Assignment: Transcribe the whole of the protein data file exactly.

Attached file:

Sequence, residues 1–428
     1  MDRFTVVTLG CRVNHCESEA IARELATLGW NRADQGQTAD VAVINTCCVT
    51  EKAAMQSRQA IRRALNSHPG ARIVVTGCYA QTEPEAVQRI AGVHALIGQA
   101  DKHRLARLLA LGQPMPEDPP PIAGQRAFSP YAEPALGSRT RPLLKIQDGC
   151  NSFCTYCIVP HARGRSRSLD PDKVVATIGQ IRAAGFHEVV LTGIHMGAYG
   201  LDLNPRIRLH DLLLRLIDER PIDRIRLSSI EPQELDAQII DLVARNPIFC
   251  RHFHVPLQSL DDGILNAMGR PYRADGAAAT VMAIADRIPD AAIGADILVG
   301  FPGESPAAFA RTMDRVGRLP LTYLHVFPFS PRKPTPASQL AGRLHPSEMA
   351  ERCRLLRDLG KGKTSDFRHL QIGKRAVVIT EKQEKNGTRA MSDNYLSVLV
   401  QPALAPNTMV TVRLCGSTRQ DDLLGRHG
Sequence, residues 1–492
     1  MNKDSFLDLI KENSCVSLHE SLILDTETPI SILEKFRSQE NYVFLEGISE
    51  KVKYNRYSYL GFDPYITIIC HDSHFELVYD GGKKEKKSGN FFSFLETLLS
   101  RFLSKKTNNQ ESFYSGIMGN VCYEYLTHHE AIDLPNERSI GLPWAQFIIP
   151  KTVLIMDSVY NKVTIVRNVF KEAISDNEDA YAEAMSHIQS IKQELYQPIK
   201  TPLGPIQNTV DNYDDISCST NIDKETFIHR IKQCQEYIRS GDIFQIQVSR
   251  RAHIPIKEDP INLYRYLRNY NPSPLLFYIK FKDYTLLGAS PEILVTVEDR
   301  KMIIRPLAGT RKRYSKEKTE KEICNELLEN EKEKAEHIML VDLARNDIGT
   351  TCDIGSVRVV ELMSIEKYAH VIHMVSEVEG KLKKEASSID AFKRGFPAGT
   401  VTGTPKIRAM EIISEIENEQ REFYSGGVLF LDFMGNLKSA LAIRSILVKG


Sequence, residues 1–428
     1  MDRFTVVTLG CRVNHCESEA IARELATLGW NRADQGQTAD VAVINTCCVT
    51  EKAAMQSRQA IRRALNSHPG ARIVVTGCYA QTEPEAVQRI AGVHALIGQA
   101  DKHRLARLLA LGQPMPEDPP PIAGQRAFSP YAEPALGSRT RPLLKIQDGC
   151  NSFCTYCIVP HARGRSRSLD PDKVVATIGQ IRAAGFHEVV LTGIHMGAYG
   201  LDLNPRIRLH DLLLRLIDER PIDRIRLSSI EPQELDAQII DLVARNPIFC
   251  RHFHVPLQSL DDGILNAMGR PYRADGAAAT VMAIADRIPD AAIGADILVG
   301  FPGESPAAFA RTMDRVGRLP LTYLHVFPFS PRKPTPASQL AGRLHPSEMA
   351  ERCRLLRDLG KGKTSDFRHL QIGKRAVVIT EKQEKNGTRA MSDNYLSVLV
   401  QPALAPNTMV TVRLCGSTRQ DDLLGRHG
Sequence, residues 1–492
     1  MNKDSFLDLI KENSCVSLHE SLILDTETPI SILEKFRSQE NYVFLEGISE
    51  KVKYNRYSYL GFDPYITIIC HDSHFELVYD GGKKEKKSGN FFSFLETLLS
   101  RFLSKKTNNQ ESFYSGIMGN VCYEYLTHHE AIDLPNERSI GLPWAQFIIP
   151  KTVLIMDSVY NKVTIVRNVF KEAISDNEDA YAEAMSHIQS IKQELYQPIK
   201  TPLGPIQNTV DNYDDISCST NIDKETFIHR IKQCQEYIRS GDIFQIQVSR
   251  RAHIPIKEDP INLYRYLRNY NPSPLLFYIK FKDYTLLGAS PEILVTVEDR
   301  KMIIRPLAGT RKRYSKEKTE KEICNELLEN EKEKAEHIML VDLARNDIGT
   351  TCDIGSVRVV ELMSIEKYAH VIHMVSEVEG KLKKEASSID AFKRGFPAGT
   401  VTGTPKIRAM EIISEIENEQ REFYSGGVLF LDFMGNLKSA LAIRSILVKG